Fragmented urban spaces? Ethnic residential areas in New Zealand cities, 1996

Ron Johnston*, Michael Poulsen, James Forrest

*Corresponding author for this work

Research output: Contribution to journalArticlepeer-review

5 Citations (Scopus)


Residential segregation of ethnic groups is a major feature of cities in multi-cultural societies such as New Zealand's. Measuring the degree of segregation has been the focus of much attention over the last half-century, but there are difficulties with comparative studies using most of the measures adopted. An alternative procedure which classifies residential areas according to a homogeneity-heterogeneity continuum is applied here to 1996 census small-scale data for each of New Zealand's 33 main urban areas, to identify the degree of segregation of various ethnic groups. It reports that most New Zealanders from all ethnic groups (defined by self-identity) live in mixed rather than exclusive residential areas. The main ethnic enclaves/ghettos are occupied by Maori and Pacific Islanders, and are entirely concentrated in the North Island, especially in urban areas which have substantial Polynesian populations.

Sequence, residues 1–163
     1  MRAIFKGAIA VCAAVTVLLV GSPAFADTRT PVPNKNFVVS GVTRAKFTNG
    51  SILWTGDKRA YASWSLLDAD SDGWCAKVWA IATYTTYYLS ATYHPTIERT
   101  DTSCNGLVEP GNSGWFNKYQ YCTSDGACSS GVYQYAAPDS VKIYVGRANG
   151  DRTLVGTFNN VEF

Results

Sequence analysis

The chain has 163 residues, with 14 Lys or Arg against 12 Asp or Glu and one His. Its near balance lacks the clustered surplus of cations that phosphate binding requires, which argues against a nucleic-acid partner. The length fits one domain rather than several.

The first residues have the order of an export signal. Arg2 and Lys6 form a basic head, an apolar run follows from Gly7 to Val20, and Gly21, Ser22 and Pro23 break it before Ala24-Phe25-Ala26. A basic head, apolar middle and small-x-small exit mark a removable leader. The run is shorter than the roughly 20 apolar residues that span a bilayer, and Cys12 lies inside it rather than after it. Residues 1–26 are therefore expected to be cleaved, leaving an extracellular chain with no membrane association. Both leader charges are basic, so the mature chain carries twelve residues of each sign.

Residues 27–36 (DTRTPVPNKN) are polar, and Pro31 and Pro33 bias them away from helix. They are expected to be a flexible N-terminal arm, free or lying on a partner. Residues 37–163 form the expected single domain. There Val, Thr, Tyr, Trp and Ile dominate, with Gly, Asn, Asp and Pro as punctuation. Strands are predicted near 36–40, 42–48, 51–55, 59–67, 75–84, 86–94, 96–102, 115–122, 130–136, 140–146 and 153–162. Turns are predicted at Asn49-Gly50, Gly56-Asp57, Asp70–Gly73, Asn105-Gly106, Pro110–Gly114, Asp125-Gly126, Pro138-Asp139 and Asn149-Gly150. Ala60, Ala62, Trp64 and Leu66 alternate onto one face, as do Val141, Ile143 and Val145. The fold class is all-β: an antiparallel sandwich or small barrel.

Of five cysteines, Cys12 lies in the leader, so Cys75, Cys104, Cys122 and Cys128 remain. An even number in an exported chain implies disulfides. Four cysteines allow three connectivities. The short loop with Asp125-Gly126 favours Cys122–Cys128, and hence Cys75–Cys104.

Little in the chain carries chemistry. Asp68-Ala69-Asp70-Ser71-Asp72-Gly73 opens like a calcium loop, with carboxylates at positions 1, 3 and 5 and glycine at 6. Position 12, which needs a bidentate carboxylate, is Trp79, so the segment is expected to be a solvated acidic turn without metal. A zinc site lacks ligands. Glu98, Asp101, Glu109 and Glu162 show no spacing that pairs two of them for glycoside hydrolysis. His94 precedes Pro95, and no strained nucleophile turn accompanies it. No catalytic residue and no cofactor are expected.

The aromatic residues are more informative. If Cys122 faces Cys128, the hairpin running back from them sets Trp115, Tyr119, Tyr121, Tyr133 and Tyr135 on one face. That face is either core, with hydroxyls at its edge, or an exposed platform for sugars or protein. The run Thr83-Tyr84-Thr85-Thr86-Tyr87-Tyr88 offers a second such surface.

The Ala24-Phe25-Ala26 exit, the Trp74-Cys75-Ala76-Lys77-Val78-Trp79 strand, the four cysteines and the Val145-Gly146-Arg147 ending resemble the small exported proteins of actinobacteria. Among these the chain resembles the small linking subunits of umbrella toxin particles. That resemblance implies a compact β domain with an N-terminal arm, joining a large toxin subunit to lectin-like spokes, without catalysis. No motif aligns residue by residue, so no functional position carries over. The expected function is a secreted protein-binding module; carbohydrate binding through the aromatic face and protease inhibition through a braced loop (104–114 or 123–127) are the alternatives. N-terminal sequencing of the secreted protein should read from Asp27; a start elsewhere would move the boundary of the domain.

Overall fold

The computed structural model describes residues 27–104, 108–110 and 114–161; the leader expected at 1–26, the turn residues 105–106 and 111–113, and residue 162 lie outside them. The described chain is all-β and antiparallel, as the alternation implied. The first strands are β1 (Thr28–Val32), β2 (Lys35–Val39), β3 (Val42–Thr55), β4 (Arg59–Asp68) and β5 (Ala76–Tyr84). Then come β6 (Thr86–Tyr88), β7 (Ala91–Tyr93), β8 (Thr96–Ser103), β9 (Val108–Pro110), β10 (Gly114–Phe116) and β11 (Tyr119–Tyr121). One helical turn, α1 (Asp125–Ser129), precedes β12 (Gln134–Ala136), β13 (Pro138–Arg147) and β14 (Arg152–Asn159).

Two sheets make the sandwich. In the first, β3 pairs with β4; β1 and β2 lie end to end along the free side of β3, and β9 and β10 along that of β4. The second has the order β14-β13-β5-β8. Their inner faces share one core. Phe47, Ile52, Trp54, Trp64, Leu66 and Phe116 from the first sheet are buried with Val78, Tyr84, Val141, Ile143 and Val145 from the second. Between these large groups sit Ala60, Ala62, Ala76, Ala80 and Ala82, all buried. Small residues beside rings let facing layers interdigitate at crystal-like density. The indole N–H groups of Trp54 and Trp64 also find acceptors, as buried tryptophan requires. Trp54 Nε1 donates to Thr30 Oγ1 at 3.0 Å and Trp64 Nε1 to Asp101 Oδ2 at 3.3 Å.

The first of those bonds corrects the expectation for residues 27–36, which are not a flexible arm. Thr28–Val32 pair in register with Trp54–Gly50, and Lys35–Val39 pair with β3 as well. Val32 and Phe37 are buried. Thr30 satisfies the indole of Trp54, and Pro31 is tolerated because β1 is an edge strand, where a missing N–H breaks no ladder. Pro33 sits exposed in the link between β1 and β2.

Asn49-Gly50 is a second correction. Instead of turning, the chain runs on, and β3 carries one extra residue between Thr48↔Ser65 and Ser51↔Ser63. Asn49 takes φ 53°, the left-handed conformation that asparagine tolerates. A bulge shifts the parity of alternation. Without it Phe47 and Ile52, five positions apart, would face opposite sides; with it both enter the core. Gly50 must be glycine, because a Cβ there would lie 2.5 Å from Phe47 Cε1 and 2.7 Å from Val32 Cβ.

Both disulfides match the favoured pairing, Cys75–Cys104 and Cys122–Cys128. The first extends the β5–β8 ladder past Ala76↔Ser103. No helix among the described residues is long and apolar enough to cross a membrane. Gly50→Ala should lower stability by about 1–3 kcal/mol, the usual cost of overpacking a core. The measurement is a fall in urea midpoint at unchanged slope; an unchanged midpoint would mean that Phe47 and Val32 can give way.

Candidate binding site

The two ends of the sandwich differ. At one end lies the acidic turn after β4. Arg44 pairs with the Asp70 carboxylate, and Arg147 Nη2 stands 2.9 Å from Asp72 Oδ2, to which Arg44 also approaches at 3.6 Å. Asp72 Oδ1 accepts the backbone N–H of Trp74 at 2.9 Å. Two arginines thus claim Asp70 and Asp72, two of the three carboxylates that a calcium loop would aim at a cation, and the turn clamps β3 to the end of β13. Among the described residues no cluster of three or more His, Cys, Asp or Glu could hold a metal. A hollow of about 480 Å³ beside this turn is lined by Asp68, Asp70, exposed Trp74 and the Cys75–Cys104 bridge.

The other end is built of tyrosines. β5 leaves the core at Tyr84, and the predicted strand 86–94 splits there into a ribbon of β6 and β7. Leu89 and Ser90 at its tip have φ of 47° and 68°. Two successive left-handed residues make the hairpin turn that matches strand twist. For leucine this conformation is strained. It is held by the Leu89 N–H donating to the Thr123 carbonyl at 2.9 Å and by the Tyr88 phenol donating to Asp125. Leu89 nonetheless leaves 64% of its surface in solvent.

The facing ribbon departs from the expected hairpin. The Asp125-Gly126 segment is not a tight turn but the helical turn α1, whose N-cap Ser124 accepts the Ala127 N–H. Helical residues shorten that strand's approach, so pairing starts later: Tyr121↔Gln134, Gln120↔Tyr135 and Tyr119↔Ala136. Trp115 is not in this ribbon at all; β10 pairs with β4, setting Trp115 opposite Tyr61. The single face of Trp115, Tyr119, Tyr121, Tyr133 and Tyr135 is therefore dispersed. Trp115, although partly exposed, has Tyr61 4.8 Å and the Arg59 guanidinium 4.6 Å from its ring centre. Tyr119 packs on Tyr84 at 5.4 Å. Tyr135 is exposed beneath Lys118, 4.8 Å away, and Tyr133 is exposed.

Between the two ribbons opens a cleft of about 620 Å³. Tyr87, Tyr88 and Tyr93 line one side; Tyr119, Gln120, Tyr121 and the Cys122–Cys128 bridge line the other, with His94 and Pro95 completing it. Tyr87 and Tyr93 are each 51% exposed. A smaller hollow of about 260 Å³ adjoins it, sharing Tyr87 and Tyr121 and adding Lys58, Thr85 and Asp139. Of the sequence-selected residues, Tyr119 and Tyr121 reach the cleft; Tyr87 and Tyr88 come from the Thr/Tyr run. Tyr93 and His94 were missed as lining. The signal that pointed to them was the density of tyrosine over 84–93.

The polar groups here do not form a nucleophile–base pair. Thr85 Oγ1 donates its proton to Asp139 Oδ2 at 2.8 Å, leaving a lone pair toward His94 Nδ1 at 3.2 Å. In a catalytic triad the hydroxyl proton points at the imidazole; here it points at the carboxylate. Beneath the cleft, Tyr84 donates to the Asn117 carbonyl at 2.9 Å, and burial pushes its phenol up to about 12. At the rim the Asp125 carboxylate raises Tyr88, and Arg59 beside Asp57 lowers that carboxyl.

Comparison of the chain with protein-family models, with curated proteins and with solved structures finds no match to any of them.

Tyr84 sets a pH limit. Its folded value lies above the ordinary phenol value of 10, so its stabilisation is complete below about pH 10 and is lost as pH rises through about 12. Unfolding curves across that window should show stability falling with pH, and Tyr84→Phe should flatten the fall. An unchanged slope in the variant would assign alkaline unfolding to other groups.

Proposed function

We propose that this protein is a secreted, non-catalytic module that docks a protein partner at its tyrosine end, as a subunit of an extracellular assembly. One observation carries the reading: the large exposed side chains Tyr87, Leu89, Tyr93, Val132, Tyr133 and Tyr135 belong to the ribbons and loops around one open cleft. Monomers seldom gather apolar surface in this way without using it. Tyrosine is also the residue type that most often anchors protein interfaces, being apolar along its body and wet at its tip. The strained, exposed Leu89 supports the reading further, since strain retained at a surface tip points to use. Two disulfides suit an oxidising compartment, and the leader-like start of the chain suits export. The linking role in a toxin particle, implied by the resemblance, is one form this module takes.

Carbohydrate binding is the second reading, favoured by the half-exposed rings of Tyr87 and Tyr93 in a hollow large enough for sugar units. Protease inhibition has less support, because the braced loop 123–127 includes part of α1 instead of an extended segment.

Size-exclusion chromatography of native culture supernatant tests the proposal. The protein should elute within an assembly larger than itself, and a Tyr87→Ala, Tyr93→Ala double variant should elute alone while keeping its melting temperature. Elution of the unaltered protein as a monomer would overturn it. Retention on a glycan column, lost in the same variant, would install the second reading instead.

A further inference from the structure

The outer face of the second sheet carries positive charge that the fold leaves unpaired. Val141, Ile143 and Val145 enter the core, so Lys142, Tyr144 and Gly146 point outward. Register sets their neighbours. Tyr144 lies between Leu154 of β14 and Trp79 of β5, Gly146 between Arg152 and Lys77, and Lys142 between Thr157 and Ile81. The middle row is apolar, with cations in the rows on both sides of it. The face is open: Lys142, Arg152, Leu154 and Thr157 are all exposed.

Original languageEnglish
Pages (from-to)30-44
Number of pages15
JournalNew Zealand Geographer
Issue number2
Publication statusPublished - Oct 2002


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